Table of Contents Author Guidelines Submit a Manuscript
International Journal of Biomedical Imaging
Volume 2011 (2011), Article ID 516942, 13 pages
Research Article

3D Winding Number: Theory and Application to Medical Imaging

1Department of Biomedical Engineering, Eindhoven University of Technology, 5600 MB Eindhoven, The Netherlands
2Department of Biology, Kaiserslautern University of Technology, 67653 Kaiserslautern, Germany

Received 2 June 2010; Revised 20 September 2010; Accepted 1 November 2010

Academic Editor: Yangbo Ye

Copyright © 2011 Alessandro Becciu et al. This is an open access article distributed under the Creative Commons Attribution License, which permits unrestricted use, distribution, and reproduction in any medium, provided the original work is properly cited.


We develop a new formulation, mathematically elegant, to detect critical points of 3D scalar images. It is based on a topological number, which is the generalization to three dimensions of the 2D winding number. We illustrate our method by considering three different biomedical applications, namely, detection and counting of ovarian follicles and neuronal cells and estimation of cardiac motion from tagged MR images. Qualitative and quantitative evaluation emphasizes the reliability of the results.

1. Introduction

Critical points are very helpful for different purposes and applications in computer vision as key points, landmark points, anchor points, and others. In segmentation, for example, critical points have been used to characterize deforming areas of the brain [1] or to enhance ridges and valleys in MR images [2]. In image matching, mappings between the considered images are computed based on their critical points [3, 4]. Image matching has been also performed through the so-called top points, critical points for which the determinant of the Hessian matrix is equal to zero [5, 6], or through the popular Harris points [7] and the SIFT keypoint detector [8]. Critical points have also been used in motion estimation algorithms, where the optic flow field is generated from a sparse set of velocities associated to multi-scale anchor points [9, 10].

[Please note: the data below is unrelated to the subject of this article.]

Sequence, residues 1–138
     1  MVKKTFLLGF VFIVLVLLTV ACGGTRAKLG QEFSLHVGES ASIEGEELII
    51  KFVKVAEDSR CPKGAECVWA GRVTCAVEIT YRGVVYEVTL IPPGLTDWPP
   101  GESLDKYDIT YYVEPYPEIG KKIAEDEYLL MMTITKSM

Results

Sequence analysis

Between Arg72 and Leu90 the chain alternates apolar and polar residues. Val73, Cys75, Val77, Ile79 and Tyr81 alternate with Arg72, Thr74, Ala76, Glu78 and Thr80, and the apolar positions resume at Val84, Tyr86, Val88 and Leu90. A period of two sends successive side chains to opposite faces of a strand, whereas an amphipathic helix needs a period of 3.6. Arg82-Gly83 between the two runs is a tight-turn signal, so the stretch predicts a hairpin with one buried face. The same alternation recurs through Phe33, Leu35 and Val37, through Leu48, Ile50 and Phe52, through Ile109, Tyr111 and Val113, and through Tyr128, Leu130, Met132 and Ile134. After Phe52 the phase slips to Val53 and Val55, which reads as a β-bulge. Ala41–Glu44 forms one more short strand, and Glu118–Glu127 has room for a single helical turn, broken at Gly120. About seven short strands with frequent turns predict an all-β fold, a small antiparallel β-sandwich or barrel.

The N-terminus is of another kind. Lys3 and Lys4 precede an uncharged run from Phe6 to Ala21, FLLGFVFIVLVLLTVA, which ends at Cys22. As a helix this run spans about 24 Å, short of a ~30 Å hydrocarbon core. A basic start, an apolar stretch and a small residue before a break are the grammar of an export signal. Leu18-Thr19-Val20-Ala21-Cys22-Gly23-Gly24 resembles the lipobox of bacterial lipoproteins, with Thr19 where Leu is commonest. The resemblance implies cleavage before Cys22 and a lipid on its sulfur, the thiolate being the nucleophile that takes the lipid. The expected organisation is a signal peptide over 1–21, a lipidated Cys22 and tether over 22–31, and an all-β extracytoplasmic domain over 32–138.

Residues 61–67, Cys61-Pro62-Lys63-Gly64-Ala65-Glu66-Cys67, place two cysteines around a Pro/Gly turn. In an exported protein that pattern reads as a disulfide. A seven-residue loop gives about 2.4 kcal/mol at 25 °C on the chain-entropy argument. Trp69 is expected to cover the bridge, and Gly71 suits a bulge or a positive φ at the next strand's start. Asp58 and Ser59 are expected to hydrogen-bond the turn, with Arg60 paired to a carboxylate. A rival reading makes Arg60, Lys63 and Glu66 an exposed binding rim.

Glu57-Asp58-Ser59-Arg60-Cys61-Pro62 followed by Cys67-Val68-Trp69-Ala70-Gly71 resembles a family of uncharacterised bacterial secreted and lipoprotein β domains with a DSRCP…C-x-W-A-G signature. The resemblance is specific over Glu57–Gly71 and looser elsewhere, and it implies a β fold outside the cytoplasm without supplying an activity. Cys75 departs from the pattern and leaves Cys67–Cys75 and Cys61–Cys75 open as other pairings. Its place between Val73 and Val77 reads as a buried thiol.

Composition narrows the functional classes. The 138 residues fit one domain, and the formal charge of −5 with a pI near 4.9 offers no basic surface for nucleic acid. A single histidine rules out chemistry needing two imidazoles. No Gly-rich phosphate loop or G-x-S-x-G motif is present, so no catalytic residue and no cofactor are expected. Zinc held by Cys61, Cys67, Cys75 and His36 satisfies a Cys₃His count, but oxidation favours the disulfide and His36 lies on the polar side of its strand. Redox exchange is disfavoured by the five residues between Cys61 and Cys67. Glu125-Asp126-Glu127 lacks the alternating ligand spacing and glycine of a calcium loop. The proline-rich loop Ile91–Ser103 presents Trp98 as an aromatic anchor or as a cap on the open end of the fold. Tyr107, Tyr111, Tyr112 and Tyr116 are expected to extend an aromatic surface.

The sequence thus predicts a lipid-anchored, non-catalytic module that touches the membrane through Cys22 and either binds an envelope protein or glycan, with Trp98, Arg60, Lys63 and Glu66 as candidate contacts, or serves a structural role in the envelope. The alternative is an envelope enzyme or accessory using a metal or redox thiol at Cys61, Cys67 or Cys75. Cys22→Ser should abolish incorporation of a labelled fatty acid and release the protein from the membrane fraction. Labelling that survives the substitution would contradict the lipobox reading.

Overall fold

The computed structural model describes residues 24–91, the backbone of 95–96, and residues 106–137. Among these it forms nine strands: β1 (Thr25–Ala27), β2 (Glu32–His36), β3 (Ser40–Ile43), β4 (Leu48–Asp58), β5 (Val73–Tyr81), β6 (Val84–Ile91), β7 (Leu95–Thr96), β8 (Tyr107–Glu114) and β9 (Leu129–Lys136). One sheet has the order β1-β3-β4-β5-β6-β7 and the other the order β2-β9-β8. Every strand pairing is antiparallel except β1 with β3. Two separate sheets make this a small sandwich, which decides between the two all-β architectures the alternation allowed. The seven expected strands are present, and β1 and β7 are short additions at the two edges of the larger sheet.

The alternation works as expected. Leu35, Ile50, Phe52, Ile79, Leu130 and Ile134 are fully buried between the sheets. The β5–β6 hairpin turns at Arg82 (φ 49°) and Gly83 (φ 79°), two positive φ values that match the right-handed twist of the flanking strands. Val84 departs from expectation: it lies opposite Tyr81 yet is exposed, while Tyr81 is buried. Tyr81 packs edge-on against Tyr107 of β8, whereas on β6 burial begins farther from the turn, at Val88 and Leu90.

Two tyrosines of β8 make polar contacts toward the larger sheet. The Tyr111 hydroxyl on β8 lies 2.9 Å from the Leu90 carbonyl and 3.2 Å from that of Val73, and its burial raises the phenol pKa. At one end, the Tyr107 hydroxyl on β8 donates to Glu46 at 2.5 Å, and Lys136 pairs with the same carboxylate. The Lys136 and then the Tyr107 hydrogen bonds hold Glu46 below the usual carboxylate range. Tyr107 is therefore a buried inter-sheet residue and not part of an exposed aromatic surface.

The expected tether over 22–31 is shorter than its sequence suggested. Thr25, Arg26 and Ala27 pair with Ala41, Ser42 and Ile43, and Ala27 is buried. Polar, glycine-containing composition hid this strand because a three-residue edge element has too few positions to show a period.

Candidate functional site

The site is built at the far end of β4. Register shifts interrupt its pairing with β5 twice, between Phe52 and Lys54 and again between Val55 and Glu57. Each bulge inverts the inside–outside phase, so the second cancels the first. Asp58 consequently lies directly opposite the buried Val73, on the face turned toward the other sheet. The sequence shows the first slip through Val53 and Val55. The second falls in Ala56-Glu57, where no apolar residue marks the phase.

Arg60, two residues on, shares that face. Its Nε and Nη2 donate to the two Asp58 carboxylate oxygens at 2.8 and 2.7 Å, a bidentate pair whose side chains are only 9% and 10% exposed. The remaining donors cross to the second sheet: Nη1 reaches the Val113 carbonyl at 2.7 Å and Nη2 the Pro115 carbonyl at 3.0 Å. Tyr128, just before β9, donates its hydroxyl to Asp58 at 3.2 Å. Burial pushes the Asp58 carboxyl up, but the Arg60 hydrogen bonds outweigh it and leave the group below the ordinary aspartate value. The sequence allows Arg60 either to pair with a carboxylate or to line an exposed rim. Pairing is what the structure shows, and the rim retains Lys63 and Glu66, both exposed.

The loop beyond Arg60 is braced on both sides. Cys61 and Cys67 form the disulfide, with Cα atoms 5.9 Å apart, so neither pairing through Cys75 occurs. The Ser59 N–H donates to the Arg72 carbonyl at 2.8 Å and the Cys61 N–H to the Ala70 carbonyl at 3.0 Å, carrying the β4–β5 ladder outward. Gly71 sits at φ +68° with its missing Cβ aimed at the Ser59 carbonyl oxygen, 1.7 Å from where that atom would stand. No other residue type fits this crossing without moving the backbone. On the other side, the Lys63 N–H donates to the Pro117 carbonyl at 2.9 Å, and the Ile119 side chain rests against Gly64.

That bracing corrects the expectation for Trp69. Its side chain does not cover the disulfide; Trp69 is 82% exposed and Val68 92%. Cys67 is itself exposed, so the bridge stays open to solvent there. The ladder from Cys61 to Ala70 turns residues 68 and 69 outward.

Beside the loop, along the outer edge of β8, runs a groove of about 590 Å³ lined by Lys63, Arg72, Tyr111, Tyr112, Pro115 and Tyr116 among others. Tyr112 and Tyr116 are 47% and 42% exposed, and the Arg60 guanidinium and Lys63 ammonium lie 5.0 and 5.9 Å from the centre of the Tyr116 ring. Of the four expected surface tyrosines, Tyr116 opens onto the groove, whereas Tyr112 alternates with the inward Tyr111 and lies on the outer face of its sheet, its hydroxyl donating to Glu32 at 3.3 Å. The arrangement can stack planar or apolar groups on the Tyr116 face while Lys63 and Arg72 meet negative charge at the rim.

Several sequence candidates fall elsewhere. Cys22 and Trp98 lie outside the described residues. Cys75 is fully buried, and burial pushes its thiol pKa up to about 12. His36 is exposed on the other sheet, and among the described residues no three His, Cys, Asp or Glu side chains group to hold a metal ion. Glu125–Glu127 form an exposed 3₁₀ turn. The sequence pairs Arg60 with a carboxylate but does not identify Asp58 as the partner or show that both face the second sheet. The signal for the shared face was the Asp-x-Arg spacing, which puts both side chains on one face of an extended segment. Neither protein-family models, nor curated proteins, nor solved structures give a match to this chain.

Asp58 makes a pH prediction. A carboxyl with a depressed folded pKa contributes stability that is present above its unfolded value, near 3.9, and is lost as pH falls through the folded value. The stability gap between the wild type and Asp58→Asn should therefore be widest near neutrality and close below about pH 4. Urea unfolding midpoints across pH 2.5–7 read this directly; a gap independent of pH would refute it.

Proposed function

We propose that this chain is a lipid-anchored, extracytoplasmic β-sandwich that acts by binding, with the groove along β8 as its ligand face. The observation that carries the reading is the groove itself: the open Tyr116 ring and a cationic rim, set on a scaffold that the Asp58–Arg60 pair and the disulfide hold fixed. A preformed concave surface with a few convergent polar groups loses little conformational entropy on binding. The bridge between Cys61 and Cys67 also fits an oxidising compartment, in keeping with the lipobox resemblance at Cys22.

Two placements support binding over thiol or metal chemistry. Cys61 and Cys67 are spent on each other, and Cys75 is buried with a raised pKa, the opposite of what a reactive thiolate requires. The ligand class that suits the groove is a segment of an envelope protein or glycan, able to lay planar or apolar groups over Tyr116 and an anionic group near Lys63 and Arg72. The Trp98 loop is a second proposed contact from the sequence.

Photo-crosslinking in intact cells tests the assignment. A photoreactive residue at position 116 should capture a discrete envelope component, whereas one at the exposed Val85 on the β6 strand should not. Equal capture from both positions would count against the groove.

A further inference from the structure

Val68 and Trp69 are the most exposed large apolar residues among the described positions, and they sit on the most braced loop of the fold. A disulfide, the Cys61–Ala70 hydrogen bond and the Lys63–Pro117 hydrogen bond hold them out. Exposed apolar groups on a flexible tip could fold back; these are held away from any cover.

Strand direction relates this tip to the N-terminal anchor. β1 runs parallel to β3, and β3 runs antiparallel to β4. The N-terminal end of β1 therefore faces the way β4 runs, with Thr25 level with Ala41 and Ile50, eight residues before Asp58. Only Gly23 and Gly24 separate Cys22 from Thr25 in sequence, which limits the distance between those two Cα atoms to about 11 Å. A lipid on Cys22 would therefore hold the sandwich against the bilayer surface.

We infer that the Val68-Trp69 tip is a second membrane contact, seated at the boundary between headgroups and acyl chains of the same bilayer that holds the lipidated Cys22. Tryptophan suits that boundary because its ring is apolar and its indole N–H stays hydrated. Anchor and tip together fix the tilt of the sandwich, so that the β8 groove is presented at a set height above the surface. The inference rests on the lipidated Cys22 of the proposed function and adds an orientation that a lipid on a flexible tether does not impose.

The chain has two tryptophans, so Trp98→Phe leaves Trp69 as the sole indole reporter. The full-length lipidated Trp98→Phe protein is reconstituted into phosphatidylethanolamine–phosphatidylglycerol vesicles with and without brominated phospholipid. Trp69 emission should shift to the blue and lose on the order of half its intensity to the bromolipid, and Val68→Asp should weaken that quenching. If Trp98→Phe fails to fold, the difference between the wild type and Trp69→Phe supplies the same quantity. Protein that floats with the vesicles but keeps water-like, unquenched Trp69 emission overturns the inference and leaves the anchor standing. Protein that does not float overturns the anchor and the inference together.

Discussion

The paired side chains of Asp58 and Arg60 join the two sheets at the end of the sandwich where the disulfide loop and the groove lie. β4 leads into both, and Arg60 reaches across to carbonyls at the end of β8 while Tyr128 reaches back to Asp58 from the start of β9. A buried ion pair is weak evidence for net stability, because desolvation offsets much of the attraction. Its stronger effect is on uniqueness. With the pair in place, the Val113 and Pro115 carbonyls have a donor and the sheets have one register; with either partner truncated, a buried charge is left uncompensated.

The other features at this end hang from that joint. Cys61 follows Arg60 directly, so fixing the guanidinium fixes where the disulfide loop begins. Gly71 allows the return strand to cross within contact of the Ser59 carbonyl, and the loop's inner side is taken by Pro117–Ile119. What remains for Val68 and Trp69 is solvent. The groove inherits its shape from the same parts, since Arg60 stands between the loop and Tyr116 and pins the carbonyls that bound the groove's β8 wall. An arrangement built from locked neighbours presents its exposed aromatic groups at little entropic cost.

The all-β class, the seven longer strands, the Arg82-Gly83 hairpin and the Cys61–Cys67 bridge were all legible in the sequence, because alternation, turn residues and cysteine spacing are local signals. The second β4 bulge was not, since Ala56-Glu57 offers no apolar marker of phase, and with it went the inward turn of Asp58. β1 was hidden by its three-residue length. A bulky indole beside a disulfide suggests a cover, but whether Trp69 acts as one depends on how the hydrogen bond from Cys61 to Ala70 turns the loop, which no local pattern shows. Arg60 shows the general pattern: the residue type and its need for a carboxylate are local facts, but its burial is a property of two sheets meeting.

Critical point detection is an established research field. Blom [11], for example, classifies critical points by counting the sign changes between the analyzed pixels and its neighbors in a hexagonal grid. Nackman [12] defines the image topology in terms of slope districts. The ridge and valley lines are described as the ascending and descending slopes coming from saddle points. The dales and hills are identified as districts whose lines of slope converge to/come from the same pit/peak. These methods have been extensively employed for 2-dimensional applications. In recent years, there has been a strong increase of computational power, and 3D scalar images are becoming the standard data of investigation, especially in medical imaging. Three-dimensional critical point techniques allow for a more realistic analysis of human organ behavior. For example, tracking algorithms applied on a 2-dimensional heart image sequence retrieve only in-plane contractions and rotations of the cardiac walls but miss the through-plane components. The through-plane components are instead retrieved with 3-dimensional optic flow approaches. In this paper, we show an application where the presented critical point detection algorithm is embedded in a feature point-based motion estimation technique.